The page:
Pizza Fusion: Organic Doesn't Necessarily Mean Good

Guess it's time to admit I'm just not a New Age pizza guy. I wasn't crazy about the product at Naked Pizza when I sampled it last summer, although the crust of grains, nuts, roots, and "heat-resistant probiotics" was pretty good. In retrospect, I liked Naked's pizza more than the one I tried yesterday at Pizza Fusion.

I'm speaking of the just-opened branch in the Shops at Fifth and Alton in South Beach. There was a Pizza Fusion at 148th Street and Biscayne Boulevard, but that one didn't last long. Upon first bite of the pie in this new shop, I think I know why the other one closed.

The venue is colorful and comfortable enough, with at least three television screens dangling about. Pizza Fusion is a certified organic restaurant, and many (not all) of the ingredients are organic (those that are organic get italicized on the concise menu).

Besides pizza, there are three appetizers (flatbread and dip trio; mini meatball sliders; stuffed mushrooms, $6 to $9.50); three sandwiches ($9); and five salads served in half or full portions ($6 to $7, or $10 to $11). I sampled a half of chicken bruschetta salad. The arugula, romaine, red onions, basil, garlic-heavy bruschetta mix, and crostini are organic. The free range chicken and fresh mozzarella cheese, both cut into a small dice, are not organic, but the larger problem with these two ingredients is that they are apparently refrigerated with the rest in pre-made platings -- which means the chicken and cheese are ice cold. Otherwise, it's a good salad and pretty decent deal for $7 (with a choice of dressing on the side).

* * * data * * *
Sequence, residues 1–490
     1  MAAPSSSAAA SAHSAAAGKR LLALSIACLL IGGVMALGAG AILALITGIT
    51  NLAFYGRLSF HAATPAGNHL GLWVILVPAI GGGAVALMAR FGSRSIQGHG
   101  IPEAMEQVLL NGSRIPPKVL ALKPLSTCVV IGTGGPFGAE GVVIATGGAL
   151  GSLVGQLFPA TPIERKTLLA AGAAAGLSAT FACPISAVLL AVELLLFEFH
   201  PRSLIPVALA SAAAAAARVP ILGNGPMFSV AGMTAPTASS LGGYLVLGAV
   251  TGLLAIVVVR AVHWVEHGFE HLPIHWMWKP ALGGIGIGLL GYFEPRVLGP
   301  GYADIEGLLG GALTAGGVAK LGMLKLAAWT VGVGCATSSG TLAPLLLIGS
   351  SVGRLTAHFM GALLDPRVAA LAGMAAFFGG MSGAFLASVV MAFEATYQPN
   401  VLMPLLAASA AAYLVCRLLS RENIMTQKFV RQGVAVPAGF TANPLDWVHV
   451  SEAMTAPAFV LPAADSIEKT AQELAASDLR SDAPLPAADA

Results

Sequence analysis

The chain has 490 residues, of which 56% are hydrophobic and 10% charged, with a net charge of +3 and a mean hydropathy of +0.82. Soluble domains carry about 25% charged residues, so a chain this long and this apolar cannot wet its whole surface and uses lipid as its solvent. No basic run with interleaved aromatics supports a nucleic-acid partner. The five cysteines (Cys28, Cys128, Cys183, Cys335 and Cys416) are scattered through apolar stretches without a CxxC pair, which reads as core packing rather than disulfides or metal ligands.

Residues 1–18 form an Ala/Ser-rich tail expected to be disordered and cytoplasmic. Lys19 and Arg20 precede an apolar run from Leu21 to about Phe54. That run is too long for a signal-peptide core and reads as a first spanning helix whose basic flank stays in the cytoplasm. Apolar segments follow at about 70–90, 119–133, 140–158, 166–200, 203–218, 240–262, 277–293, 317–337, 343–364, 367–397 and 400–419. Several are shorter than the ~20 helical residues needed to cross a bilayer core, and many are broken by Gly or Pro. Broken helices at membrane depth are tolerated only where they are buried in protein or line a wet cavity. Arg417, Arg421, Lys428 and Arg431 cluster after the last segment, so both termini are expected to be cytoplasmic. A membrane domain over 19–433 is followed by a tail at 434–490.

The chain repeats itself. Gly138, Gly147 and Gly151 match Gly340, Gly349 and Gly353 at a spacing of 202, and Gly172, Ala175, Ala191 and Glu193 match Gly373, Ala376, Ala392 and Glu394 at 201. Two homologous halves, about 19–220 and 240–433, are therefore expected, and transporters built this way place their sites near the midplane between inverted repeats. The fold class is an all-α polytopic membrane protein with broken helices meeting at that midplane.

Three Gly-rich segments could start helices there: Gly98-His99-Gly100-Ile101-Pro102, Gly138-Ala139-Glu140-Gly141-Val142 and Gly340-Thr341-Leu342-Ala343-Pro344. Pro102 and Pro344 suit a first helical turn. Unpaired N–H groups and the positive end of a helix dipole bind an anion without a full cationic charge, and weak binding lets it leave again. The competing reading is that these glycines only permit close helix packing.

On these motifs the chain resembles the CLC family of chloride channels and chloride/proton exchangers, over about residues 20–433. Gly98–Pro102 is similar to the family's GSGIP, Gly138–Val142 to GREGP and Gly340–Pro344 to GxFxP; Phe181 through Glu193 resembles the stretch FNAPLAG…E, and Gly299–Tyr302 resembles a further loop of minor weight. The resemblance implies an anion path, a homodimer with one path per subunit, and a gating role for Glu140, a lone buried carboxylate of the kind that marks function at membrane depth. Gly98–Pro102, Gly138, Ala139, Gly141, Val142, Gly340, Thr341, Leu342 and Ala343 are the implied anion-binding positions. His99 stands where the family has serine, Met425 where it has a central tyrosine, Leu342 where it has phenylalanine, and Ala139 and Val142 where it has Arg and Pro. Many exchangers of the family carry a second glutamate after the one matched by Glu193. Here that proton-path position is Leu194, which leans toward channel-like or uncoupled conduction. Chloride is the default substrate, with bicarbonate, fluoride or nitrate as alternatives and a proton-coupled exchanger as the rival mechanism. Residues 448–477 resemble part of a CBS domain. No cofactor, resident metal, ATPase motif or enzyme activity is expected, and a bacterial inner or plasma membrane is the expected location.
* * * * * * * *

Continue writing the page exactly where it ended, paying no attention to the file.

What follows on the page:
And then there is the pizza. The three sizes are personal (six-inch by nine-inch); large (18-inch by 9-inch); and X-large (28" by 9"). Crust comes original organic white or multi-grain. There are lots of toppings to choose from, as well signature pizzas (barbecue chicken, Hawaiian-style, and so forth). Soy cheese is available, and for extra money so is a gluten-free crust. That's a good reason for vegans and folks with wheat allergies to come here.

I tried a personal pie with a white crust that was thin and floppy and topped with simply tomato sauce and melted mozzarella and provolone cheeses($7). The crust and cheeses were passable, but the sauce tasted overcooked -- or lousy for some other reason. The pizza seemed homemade in a primitive sense, as in a refined version of a college student's rendition: English muffin halves topped with bottled tomato sauce and melted cheese. Maybe it would be better with a whole bunch of toppings.

Pizza Fusion offers ten wines by glass/bottle ($6 to $7/$21 to $24), and 16 draft and bottled beers for $5. The brews might be the best thing going here. The ones on tap include Cigar City Maduro Brown Ale from Tampa, and Native Lager from Fort Lauderdale; the bottles are all craft.

The concept of an "earth-friendly" pizza place is great. Too bad the pizza isn't.

Pizza Fusion
1115 Fifth St., Miami Beach

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Miami New Times' restaurant reviewer for the past decade, and the world's indisputable master of disguise.
Contact: Lee Klein